last. It's a quick feeling that comes from a funny movie or a heart shaped
lollipop or a really good birthday present. It's great. I love to be
happy. But happiness is a reaction that is based on our
surroundings. And our surroundings are so very rarely under our
control. Even when--especially when--we think they are. So no, I
absolutely don't want you to spend your life chasing something that has so little to do
with your own abilities. You'll just be constantly frustrated.
There are two things I desire for you, precious loves. There are two
things that I spend most of my time as a mother trying to cultivate in
you. Happiness ain't one of them. (This means, sorry, no boob jobs
The first is, I want you to be content. Being content is so much
different from being happy. Being content is not based on your
surroundings. Being content comes from within. Contentment is a
spirit of gratitude. It's the choice you make to either be thankful for
the things you do have, or to whine about the things you don't have.
Being content and grateful leads to consistent joy.
As you know, because I've told you lots of times, Paul talked about being
content. Paul said that he had "learned the secret of being content in any
and every situation, whether well fed or hungry, whether living in plenty or in
want." And Paul was in some rotten situations, kiddos. Really
Which leads me to my second desire for ya'll.
I don't want you to be happy, I want you to be holy. That means, I
want you to seek that God-power to make you content. I want you to want
the Kingdom of God more than your own kingdom. And that's hard, babies--it
is so hard. And that usually means passing up a lot of what the world
considers happiness. But it means that you will achieve blessings directly
from God that most of the world never dreams of because they are too occupied
with achieving happiness.
Darlings, we love you so much. You will never grasp how much we love
you until you have children of your own, and then you'll get it and then you'll
apologize for the ways you treats us. ;) But our goal is not to please
you. Our goal is to please our Heavenly Father. And nowhere in the Bible does the Lord command that we save our money to send our kids to college.
But the Lord does command us to care for the orphan around fifty
times. He does tell us to care for the poor around 300 times. He
does tell us that when we care for the neediest, we are caring for Jesus
Himself. And in chapter six of Matthew, He tells us to seek HIS kingdom
first, and let Him worry about the rest--like college tuition. Because
it's all His anyway.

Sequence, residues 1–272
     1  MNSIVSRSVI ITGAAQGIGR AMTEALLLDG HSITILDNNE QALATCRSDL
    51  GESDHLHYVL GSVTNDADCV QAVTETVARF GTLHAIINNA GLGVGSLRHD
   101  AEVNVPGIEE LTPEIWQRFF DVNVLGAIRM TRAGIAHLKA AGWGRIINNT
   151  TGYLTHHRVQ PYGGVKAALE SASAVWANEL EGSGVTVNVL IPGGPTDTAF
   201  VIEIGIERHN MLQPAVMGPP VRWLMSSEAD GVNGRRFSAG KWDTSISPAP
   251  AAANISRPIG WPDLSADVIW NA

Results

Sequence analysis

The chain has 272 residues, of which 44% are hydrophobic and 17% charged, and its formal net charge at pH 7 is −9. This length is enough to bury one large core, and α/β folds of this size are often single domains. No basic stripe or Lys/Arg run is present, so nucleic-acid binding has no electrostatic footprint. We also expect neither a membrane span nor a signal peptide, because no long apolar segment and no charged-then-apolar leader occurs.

They said that one day y'all would resent us for using "your" college money
to go and get your sister out of an orphanage in Ethiopia and bring her home to
But I know my babies. Even at your tender age, I know your hearts,
and I have already seen you weep for the least of these. I know the
prayers I offer up to God that He and not the world would shape the desires of
your hearts. I am trusting Him to answer those prayers.
Tuesday, March 08, 2011
Saturday, March 05, 2011
Notice Jedi Carson's precise hand gestures.
Thursday, March 03, 2011
Wednesday, March 02, 2011
Well, recently, Mrs. F and I realized we might be able to help each other out a bit with childcare. So a couple times we've met their two older kids (son, 6 and daughter, 10) at the bus stop and they came to hang out at our house for an hour or two. At one point, I was just sitting on the couch coloring with M, their daughter who just turned 10, while her bro was playing in the other room. We talked about the manicure she got for her birthday (alternating purple and blue with glitter) and her new baby brother. I refrained from quizzing her about her thoughts on her adoption, but I couldn't help but feel encouraged by her. She is a beautiful, happy, kind, funny, well-adjusted kid. She's got a bit of bossy and bit of protectiveness like all older sisters do. She's just normal! Her mom has told me that she doesn't mind telling people that she's adopted or talking about it, so maybe I'll bring it up at some point, but for now, just sitting with Miss M, I felt a peace that our son or daughter can/will have a great childhood that is not defined by their adoption or inter racial family. It's an important part of her story, but it's not the WHOLE story.